We don't yet know if quantum computers are actually better than classical computers, as @heather mentions here. As for now there are just some theoretical algorithms which we know of, specifically for quantum-computers, which have much better time complexities than equivalent classical algorithms. For example - prime factorization and discrete logarithms.

Wiki also says:

Besides factorization and discrete logarithms, quantum algorithms offering a more than polynomial speedup over the best known classical algorithm have been found for several problems, including the simulation of quantum physical processes from chemistry and solid state physics, the approximation of Jones polynomials, and solving Pell's equation. No mathematical proof has been found that shows that an equally fast classical algorithm cannot be discovered, although this is considered unlikely. For some problems, quantum computers offer a polynomial speedup. The most well-known example of this is quantum database search, which can be solved by Grover's algorithm using quadratically fewer queries to the database than are required by classical algorithms. In this case the advantage is provable. Several other examples of provable quantum speedups for query problems have subsequently been discovered, such as for finding collisions in two-to-one functions and evaluating NAND trees.

Whether you can use these speedups to design better quantum computers, depends. I can imagine that you could of course simulate a quantum computer using another quantum computer, which could help in making new designs or rather testing-before-building. But I don't think polynomial speedups, faster prime factorizations, etc. will directly help in designing a quantum computer, unless you actually make use of it somehow.


P.S: This is a very short and perhaps incomplete answer, I know. I just wanted to give the OP a basic idea. I'd request others to write alternate answers to this question.

$\endgroup$
-1
$\begingroup$

I don't understand why we need a quantum computer, to be honest.

It has, as you claim, already been possible for a while to create computers semi-autonomously by a computer. (VSLI, a FGPA design language with an 'optimising compiler', exists)

We could do this in the 90's

Also famous is the experiment where, using elementary Artificial Intelligence (first wave of AI, which was 90's at the latest), a circuit was automatically constructed to do some simple I/O task and optimized for cheap building cost.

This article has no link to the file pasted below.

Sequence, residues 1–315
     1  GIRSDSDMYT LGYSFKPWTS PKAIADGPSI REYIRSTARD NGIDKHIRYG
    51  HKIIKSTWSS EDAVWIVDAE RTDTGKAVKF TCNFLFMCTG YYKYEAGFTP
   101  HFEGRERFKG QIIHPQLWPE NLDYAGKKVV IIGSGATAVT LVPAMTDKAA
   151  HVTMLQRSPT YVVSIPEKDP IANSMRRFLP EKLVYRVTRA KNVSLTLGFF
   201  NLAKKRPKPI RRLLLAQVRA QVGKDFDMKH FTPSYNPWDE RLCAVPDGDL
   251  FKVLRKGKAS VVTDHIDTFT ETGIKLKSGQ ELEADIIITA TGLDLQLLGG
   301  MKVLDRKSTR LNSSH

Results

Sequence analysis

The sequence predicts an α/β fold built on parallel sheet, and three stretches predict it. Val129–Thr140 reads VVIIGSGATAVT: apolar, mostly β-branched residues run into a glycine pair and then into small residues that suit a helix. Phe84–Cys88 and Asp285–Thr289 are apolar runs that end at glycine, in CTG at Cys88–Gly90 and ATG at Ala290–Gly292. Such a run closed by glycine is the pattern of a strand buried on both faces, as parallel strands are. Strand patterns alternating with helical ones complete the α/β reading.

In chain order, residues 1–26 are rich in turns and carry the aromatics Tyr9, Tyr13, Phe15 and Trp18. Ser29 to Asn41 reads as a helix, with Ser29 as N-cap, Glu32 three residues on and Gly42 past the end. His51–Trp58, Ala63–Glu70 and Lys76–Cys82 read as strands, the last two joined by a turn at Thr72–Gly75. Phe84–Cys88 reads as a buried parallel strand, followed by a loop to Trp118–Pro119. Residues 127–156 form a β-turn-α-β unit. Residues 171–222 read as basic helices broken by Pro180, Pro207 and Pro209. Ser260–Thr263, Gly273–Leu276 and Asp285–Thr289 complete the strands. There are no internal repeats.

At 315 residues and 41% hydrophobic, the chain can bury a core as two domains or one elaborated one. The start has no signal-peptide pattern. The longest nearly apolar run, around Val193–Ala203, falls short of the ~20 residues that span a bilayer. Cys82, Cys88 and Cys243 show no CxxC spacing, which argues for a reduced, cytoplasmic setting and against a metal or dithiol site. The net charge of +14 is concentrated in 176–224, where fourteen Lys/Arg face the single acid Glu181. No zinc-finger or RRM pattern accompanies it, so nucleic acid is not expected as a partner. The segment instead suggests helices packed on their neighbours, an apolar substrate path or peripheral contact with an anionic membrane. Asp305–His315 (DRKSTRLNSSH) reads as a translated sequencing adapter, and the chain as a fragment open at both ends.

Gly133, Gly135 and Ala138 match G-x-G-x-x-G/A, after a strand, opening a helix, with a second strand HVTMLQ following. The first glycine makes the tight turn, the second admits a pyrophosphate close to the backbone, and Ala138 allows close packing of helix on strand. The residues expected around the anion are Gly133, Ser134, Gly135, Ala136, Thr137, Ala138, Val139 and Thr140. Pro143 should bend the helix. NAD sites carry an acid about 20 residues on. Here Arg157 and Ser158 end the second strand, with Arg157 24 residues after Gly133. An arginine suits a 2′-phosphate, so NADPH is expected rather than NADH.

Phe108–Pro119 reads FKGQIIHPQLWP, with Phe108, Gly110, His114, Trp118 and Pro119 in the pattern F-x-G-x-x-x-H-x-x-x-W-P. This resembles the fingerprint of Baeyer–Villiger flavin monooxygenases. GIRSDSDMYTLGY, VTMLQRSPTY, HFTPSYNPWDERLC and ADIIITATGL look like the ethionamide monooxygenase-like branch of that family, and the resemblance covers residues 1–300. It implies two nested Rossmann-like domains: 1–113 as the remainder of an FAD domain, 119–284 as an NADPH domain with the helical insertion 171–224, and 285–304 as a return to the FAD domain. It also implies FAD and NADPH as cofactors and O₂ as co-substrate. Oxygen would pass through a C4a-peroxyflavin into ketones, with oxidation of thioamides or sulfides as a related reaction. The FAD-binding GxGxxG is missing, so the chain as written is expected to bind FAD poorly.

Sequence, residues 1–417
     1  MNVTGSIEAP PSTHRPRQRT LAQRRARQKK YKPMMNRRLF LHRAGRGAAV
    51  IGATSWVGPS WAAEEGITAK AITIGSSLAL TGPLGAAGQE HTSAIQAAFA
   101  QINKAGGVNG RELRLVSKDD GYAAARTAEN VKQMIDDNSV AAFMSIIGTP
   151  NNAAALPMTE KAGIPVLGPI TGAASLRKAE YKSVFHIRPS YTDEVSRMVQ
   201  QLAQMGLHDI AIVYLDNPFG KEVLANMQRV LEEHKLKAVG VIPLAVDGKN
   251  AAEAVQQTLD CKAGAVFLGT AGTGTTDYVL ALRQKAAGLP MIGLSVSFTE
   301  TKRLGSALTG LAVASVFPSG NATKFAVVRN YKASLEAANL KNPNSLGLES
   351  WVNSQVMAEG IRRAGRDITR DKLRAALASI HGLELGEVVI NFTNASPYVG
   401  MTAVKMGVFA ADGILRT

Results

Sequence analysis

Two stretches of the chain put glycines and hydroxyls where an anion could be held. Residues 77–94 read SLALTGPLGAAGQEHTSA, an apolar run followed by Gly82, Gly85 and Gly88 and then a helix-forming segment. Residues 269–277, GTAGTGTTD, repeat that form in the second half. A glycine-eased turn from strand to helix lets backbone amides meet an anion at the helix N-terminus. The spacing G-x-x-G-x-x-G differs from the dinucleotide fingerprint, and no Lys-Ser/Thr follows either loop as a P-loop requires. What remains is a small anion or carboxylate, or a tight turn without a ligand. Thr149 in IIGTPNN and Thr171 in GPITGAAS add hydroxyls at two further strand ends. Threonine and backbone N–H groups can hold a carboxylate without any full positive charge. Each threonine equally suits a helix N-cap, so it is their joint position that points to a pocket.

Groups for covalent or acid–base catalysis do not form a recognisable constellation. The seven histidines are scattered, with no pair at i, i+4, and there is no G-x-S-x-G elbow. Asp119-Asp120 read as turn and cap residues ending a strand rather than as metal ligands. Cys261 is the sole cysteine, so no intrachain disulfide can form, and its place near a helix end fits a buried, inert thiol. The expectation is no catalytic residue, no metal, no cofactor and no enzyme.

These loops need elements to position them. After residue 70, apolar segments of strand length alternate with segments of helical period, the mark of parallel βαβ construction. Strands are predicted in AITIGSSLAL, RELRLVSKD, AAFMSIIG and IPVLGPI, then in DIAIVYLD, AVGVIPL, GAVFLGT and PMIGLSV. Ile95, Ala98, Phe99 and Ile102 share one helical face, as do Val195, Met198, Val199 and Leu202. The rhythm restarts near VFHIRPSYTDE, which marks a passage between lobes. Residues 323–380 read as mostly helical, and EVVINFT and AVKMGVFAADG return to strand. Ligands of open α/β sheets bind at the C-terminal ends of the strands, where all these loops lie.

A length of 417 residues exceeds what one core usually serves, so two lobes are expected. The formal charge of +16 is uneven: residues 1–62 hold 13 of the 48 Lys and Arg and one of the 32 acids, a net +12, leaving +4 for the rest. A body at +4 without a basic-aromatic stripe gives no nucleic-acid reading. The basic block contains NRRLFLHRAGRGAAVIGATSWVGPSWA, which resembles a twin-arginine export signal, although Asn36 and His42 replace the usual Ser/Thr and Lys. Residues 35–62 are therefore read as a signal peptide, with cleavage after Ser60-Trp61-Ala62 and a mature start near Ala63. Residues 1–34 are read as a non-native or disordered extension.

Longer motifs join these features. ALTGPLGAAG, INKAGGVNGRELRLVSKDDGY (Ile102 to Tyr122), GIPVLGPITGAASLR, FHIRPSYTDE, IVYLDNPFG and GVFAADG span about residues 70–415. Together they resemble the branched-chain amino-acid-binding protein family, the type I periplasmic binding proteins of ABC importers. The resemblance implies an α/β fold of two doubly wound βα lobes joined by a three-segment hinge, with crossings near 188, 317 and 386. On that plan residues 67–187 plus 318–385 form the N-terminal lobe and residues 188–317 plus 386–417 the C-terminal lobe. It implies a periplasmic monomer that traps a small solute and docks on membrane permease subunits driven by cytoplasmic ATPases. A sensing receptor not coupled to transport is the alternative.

However, the AI refused to remove a component that wasn't connected to anything! This baffled the researcher, so he removed the component and the circuit failed, apparently this was needed!

What has happened without the researcher noticed is that the AI treated all components as a black box and hence could make the seemingly absurd choice to put a component on the grid without connecting it to anything! The reason this component was still needed is because while it did not logically influence the circuit, it did magnetically influence the circuit, yielding a rather unwieldy and unstable circuit, but cheap and working (under certain conditions).

Are quantum computers harder to design, when we split them into components?

What can we learn from this tale? Apparently, classical computers can design 'analog components' to optimise circuits. Not a far stretch would be to go beyond simply 'analog components' and use 'quantum components', but as long as you can treat them as black-box components, why would the task become more difficult? Of course, more components is harder, but QC are pretty small so far, so it isn't that hard to do something a bit harder than what we could in the 90's. Would you ask a quantum computer to design and optimise your children's playground? I'd ask a classical computer!

While of course there is many potential for AI and QC, this is one point where the classical way is fine, and I don't see why you need a quantum speedup, which makes them question if you can do it pretty moot in my opinion.

$\endgroup$

Your Answer

By clicking “Post Your Answer”, you agree to our terms of service, privacy policy and cookie policy

Not the answer you're looking for? Browse other questions tagged or ask your own question.